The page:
Tuesday, February 27, 2007

Paperstand (BKUNA, CFC, NEW, NFI, IHP)

The WSJ’s „Heard on the Street” column out saying that the worst may be yet to come for mortgage lenders. If subprime borrowers continue to have problems paying their debts, the lenders that tgt them likely will have to boost their reseves, cutting into their bottom lines. That could mean even lower stock prices. There also is a concern that if the real-estate mkt remains cool, some borrowers with better credit histories might also begin struggling to make payments on certain popular, but unorthodox, mortgages. If that happens, co’s such as BankUnited (BKUNA) and Countrywide (CFC) could suffer. When a co keeps its reserve low, it makes its earnings look better b/c it continues to increase its assets from loans it originates and sells off. Lenders need to set aside reserves to cover any possible losses when borrowers fail to make payments. Subprime-mortgage lenders generally sell most of their loans to investors, but many keep some loans as investments. These portfolios have grown as the number of new mortgages has risen. New Century (NEW) and Novastar (NFI) hold billions of dollars of loans for investment. While they have been increasing their loan-loss provisions, delinquencies have been coming faster than anticipated. NovaStar's reserves were 1.05% of its $2.1bn in loans held for investment in the 4Q, but still ranked among the lowest in the industry, according to Zach Gast, of CFRA. Subprime-mortgage lenders are likely to start reporting significant shortfalls in their loss reserves "as soon as the next several quarters," predicts David Honold, of Turner Investment Partners.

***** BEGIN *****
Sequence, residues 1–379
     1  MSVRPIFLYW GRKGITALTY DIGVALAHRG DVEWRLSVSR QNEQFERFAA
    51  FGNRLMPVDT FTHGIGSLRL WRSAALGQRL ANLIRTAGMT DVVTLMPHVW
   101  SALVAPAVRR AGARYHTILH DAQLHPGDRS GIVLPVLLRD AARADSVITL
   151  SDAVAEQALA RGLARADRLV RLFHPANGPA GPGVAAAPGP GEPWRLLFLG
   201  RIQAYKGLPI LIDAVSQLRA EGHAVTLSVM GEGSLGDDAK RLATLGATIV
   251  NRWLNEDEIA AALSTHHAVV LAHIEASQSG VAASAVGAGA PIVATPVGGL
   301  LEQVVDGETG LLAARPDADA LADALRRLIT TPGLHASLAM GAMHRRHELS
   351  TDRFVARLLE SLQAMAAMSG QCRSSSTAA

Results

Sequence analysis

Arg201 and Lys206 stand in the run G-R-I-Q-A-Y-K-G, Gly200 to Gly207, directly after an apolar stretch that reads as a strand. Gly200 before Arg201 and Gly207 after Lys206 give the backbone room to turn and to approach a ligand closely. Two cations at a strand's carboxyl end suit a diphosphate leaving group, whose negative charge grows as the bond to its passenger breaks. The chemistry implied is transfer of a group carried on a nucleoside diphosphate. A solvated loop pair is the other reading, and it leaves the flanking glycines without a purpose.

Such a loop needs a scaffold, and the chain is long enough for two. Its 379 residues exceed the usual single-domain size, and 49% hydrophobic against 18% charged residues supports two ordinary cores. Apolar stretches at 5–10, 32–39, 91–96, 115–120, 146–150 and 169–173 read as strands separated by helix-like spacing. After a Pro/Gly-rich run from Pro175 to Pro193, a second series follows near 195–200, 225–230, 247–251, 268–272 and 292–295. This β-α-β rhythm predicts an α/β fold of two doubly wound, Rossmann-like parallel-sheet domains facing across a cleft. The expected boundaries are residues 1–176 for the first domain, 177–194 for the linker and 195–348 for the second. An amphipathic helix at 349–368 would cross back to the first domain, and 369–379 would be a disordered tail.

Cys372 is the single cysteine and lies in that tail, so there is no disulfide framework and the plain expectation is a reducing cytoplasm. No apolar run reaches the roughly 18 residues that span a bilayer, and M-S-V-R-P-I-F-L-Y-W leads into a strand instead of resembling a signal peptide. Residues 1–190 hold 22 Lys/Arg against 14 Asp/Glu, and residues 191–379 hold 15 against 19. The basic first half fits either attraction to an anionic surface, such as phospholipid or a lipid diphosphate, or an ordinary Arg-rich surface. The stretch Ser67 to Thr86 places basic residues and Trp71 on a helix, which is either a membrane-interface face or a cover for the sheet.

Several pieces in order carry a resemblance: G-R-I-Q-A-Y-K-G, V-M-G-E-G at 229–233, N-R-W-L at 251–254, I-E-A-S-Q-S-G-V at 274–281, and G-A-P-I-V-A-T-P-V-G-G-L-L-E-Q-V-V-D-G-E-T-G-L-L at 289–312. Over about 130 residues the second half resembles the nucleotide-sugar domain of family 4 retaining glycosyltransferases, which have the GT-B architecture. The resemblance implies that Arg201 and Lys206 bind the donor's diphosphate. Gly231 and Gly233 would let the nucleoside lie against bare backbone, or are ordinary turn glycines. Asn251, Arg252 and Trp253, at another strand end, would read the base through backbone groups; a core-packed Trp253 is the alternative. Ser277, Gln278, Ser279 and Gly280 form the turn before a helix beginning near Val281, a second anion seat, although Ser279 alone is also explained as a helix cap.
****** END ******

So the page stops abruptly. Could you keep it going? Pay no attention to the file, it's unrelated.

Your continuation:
Barron’s Online “Inside Scoop” section reports that Third Point took a big bite into the richly priced shares of IHOP (IHP) with the hope that the co's International House of Pancakes restaurant brand will continue to stack up gains. So far this month, Third Point has spent $21.7M to purchase 400K shares on the open mkt. The Park Avenue hedge fund now owns 1.25M shares, or 7% of IHOP's 17.8M outstanding shares and has spent nearly $61.6M to accumulate this stake. InsiderScore.com's Ben Silverman says that Third Point, when piqued by a co's performance, can become "unfriendly" in pushing mgmt to unlock shareholder value. So at IHOP, "if they choose to switch on that flip, it certainly would be interesting," he adds. In the meantime, Third Point's "buying into strength is a good sign that they believe the fundamentals in the co are solid," says Silverman.

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